Liu Licheng is afraid of the novel coronavirus, but she is more fearful of her career prospects in the post-virus era.
In the past two weeks, the business administration student has submitted more than 50 résumés online. The 22-year-old has been indoors for a month, mostly writing her senior thesis and hoping that the COVID-19 epidemic won’t affect her prospects of finding a job when she graduates in June.
“I figured at least one of them would have given me an offer (by now),” Liu, who attends a university in Shanghai, told Sixth Tone.
Just a month ago, many graduating seniors may not have thought that an invisible scourge would add extra challenges to an already-competitive job market. This year, a record-breaking 8.74 million students in China are expected to graduate from college — 400,000 more than last year.
According to Wang Hui, an education ministry official, the employment prospects for college graduates in the first half of 2020 are expected to be “more complex and severe” in the aftermath of the epidemic. To control the spread of the virus, authorities have canceled classes, encouraged schools to start the new semester online, and even urged recruiters to seek out prospective applicants virtually to make it easier for graduating students to start looking for jobs.
“For most students, delaying school only means that they need to take online classes and their summer holiday might be shortened,” Liu said. “But for those of us who are supposed to graduate in June, it will affect our thesis writing and defense, graduation ceremony, and even important life choices such as whether to look for a job or go abroad for further study.”
Employers as well as relevant authorities seem to understand the woes of students like Liu, and are seeking possible solutions.
While the local government in Beijing said it plans to host 82 online recruiting events by the end of February, the eastern city of Suzhou said it will ensure that more than 100,000 jobs are provided for college graduates throughout the year, aiming to maintain an employment rate of over 95%. Meanwhile, the eastern city of Hangzhou has launched a “cloud job fair” with over 28,000 opportunities for talents at home and abroad.
A representative from a tech company conducts an online interview in Cixi, Zhejiang province, Feb. 25, 2020. From @慈溪日报 on Weibo
Leading Chinese tech and e-commerce giants — including Baidu, Huawei, Tencent, and Alibaba — have adopted “contactless” recruiting activities to reduce mass gatherings and cross-contamination. Candidates can complete all application-related procedures online, after which they’ll be notified of a virtual interview if successful.
According to a recent survey by leading recruitment portal Zhaopin, 68.2% of the 1,644 enterprises surveyed said they hope the platform will provide accurate résumé-matching services, while 55% of the firms said they will use video-interviewing services.
Liu said she has already undergone a few online interviews, and the process wasn’t as difficult as she had expected. Though her university has trained students for online interviews and she’s “well prepared,” Liu said she’s more concerned that COVID-19 will deplete her interview opportunities.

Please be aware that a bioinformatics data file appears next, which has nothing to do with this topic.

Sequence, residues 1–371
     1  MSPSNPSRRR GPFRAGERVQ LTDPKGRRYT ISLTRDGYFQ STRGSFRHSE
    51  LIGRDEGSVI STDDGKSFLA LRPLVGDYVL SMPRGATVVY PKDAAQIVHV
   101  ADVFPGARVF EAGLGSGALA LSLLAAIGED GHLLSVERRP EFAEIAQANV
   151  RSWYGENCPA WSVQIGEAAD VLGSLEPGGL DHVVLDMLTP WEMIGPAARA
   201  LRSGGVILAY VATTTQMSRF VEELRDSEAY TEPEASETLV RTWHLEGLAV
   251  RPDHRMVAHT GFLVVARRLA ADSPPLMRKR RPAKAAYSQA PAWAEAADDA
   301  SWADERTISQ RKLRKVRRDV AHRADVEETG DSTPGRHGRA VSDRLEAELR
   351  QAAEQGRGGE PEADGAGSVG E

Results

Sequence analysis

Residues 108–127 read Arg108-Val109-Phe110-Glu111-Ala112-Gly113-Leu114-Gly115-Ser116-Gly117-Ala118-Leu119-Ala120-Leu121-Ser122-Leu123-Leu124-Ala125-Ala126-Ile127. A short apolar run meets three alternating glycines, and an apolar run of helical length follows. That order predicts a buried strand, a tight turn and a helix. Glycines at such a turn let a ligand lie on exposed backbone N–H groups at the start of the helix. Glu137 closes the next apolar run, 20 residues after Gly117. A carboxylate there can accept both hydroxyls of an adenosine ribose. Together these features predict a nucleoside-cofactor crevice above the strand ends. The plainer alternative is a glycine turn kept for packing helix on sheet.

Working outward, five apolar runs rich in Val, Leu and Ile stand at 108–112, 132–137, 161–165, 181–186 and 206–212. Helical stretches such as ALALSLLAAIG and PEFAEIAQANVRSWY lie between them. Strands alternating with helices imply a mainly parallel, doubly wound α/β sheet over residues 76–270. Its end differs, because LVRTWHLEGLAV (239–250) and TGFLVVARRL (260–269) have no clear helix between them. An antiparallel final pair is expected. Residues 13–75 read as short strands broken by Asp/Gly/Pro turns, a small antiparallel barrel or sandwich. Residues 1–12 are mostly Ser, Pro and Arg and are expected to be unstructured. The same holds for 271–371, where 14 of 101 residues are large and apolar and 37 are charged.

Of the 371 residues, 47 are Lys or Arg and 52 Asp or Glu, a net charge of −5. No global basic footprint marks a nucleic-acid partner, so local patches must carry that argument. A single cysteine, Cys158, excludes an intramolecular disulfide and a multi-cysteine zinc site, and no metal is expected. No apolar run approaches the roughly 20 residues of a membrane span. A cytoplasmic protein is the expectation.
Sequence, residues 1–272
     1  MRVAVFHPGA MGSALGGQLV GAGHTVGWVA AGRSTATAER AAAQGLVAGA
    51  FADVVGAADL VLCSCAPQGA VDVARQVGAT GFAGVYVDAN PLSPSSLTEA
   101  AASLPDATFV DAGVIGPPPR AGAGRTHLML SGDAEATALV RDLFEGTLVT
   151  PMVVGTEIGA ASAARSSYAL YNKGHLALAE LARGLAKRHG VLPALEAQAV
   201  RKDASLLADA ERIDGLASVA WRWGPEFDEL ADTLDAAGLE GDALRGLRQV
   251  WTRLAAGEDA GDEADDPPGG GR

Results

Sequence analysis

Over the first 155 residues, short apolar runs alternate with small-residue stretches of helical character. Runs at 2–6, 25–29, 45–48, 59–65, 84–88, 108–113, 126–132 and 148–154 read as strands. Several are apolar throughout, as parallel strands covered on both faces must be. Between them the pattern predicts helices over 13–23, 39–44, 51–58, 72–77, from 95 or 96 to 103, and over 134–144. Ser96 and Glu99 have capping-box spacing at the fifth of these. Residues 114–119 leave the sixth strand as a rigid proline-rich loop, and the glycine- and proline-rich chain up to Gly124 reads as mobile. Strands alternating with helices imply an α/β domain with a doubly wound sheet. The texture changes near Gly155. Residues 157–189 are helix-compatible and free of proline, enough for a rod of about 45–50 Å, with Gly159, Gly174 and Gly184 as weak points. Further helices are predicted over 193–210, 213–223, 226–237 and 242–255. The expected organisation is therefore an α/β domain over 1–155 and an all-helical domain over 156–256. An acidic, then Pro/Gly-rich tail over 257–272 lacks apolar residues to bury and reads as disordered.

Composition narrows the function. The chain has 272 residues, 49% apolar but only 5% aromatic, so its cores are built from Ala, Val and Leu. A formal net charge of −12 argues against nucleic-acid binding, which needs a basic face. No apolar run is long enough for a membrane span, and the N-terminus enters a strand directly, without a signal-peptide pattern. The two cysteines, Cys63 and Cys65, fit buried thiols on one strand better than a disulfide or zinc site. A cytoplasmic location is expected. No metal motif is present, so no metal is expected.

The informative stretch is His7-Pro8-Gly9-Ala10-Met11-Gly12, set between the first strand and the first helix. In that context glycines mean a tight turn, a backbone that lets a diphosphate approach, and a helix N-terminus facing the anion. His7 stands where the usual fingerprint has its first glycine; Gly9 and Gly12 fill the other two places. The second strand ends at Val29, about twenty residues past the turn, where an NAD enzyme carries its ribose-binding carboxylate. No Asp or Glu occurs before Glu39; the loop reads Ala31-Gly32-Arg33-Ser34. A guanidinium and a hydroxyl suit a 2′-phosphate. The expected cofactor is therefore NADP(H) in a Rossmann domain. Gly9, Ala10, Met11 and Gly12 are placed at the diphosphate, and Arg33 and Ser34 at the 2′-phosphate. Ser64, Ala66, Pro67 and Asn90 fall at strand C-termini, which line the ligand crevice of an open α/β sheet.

Data released Thursday by job-seeking platform Boss Zhipin showed that the overall demand for fresh graduates is 44% lower than at the same point last year. Employment prospects in the pharmaceutical industry shrank by 8.8%, while recruitment demand in the advertising and media sectors has dropped by nearly 72% compared with the previous year.
However, not all industries are showing declining hiring numbers. According to Liepin, another major recruitment platform, demand for employment in some fields is expanding. Between Jan. 1 and Feb. 7, demand for talents in the fields of personal care and services, online education, and internet health care has seen year-on-year increases of 89%, 88%, and 82% respectively.
But that hasn’t stopped many from worrying.
Florence Li, who is graduating from an Australian university in June, was in her hometown of Fuzhou for the holidays when all of her plans started to crumble. The 25-year-old’s internship in Shanghai has been put on hold for now because of the epidemic, and she can’t even return to Australia for the new semester starting Monday due to restrictions imposed on travelers from China.
“They (the Shanghai company) said they would hold my offer but had no idea when I could start,” Li told Sixth Tone, adding that the absence of workplace experience would also affect her thesis, which largely depends on it. “So far, everything looks uncertain.”
Zhang Yan, a senior headhunter in Shanghai, said that over half of her clients have delayed their recruitment schedules and will resume their searches depending on how the situation evolves. However, she suggested that fresh graduates set appropriate expectations and avoid excessive anxiety.
“If the epidemic continues to spread, more companies will lay off workers and continue to reduce recruitment costs,” she said. “(But) when it’s over, there will be more job fairs and opportunities for graduates. After all, gold always shines.”
Editor: Bibek Bhandari.
(Header image: People walk outside Shanghai Jiao Tong University, Shanghai, Feb. 28, 2020. Wu Huiyuan/Sixth Tone)